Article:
Our connection to Summit Speech School still continues to this day, even though Adeline no longer receives services since she is now 10 years old. The dedicated staff at this institution has helped educate, empower, and even wipe tears, throughout our journey. I am not sure where we would be now if it weren't for them.
In 2015, you may remember reading about our struggle that dealt with the effects from the lack of knowledge and education regarding this disability. We had to push and push, for almost one year, (yes, ONE FULL YEAR), for special education services in our school district. The struggle and anxiety with this left both Joe and I speechless, tired, and most importantly, frustrated – how can a child that is hearing impaired be denied services?
Shortly after the start of 2016, Adeline was found eligible to receive services and we were finally able to sigh, with a big relief, that “we are back on track”! From the very beginning we approached this challenge as an opportunity with the school district, (although there were many times, we didn’t think we going to be able to keep pushing). Since Adeline is the first child to ever enter our school district with a hearing loss, we look at our journey to help educate the school and people that work with Adeline every day and will hopefully help pave the path for future children with hearing loss.
January 2020 was a big month for us - we took Adeline into NYC to the American Girl Doll store. For years, I dodged the request: "Mom, I'd like to get an American Girl doll"..."no way" I thought to myself. I mean, I couldn't justify spending THAT much money on a doll. BUT, when January rolled around and AG announced their "girl of the year" doll, Joe and I knew this was the time. "Joss", is a surfer and a competitive cheerleader, and she's also deaf in her right ear and wears an adorable blue hearing aid. When Adeline found this out, she was happy there was a doll out there that was "kinda like me".
As a parent of a child that's a "little bit different", even though they may seem "normal", it makes you realize how something like this can make such a difference. The expression on Adeline's face when she walked up to the display in the store and saw Joss with that adorable blue hearing aid, was priceless. A doll that's "kinda like me". This was huge. HUGE. I can't tell you what it was like to walk into a mainstream retailer and see something that represents your child. When we got home later that day, Adeline was able to take the accessories out and put Joss' hearing aid in. At that moment, Adeline started to cry. Tears of happiness, being overwhelmed with the experience, and feeling a connection to something that's "kinda like me". Huge, I tell you, HUGE.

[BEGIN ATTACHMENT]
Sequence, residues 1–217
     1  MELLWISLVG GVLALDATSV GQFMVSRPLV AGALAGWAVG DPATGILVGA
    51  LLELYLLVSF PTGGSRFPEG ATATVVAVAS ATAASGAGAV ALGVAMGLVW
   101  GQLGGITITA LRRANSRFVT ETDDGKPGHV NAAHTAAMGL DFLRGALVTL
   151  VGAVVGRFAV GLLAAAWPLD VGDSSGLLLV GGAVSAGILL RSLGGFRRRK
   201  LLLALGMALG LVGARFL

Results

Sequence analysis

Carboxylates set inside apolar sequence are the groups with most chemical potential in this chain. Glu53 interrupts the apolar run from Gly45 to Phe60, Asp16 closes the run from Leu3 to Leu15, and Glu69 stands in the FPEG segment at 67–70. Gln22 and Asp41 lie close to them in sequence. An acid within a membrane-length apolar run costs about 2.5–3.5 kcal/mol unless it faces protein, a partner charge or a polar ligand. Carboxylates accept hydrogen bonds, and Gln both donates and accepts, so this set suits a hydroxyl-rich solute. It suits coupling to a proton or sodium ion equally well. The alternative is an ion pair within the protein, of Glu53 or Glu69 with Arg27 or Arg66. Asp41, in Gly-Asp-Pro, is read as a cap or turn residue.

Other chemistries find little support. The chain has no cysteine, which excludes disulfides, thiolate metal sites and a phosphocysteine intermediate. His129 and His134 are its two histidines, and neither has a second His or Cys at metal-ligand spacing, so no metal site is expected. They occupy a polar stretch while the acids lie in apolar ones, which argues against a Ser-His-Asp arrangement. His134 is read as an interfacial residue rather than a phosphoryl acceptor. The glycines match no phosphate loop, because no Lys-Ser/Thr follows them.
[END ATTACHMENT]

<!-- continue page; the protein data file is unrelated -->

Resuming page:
By donating to "Team Adeline", you're helping with the crusade with educating people about this disability and you're also helping people just like Adeline.
Adeline is an amazing child...she loves school, enjoys playing soccer, can't wait for dance class, swimming, and enjoys, (but not ALL the time), the challenge of being a stronger speller and reader. Her speech and language development continue to amaze Joe and I - on a daily basis.
We are tremendously blessed to have such a beautiful gift!
Thank you for visiting our page and reading our story and for your gift!
Love, Joe, Kristen, & Adeline
The Hearing Loss Association of America (HLAA) Walk4Hearing increases awareness about hearing loss, helps to eradicate the stigma associated with it and raises funds to provide information and support for people with hearing loss. Since 2006, the Walk4Hearing has raised more than $10 million and has become the largest walk for hearing taking place in cities across the United States.
We walk because hearing loss is a public health issue third in line after heart disease and arthritis.
- 48 million people have some form of hearing loss
- 26 million people have noise-induced hearing loss that could have been prevented
- 2 to 3 out of every 1,000 children are born deaf or with a hearing loss
- 60 percent of the people with hearing loss are either in the work force or in educational settings
Hearing loss affects one's ability to communicate every day in different situations - from a dinner conversation at a noisy restaurant, on the phone, to not hearing alarm clocks and smoke alarms. For people with hearing loss, these situations can be become obstacles without the right information and support. HLAA provides the assistance and resources for people with hearing loss and their families to learn how to adjust to living with hearing loss.
For more information about HLAA, please visit www.hearingloss.org.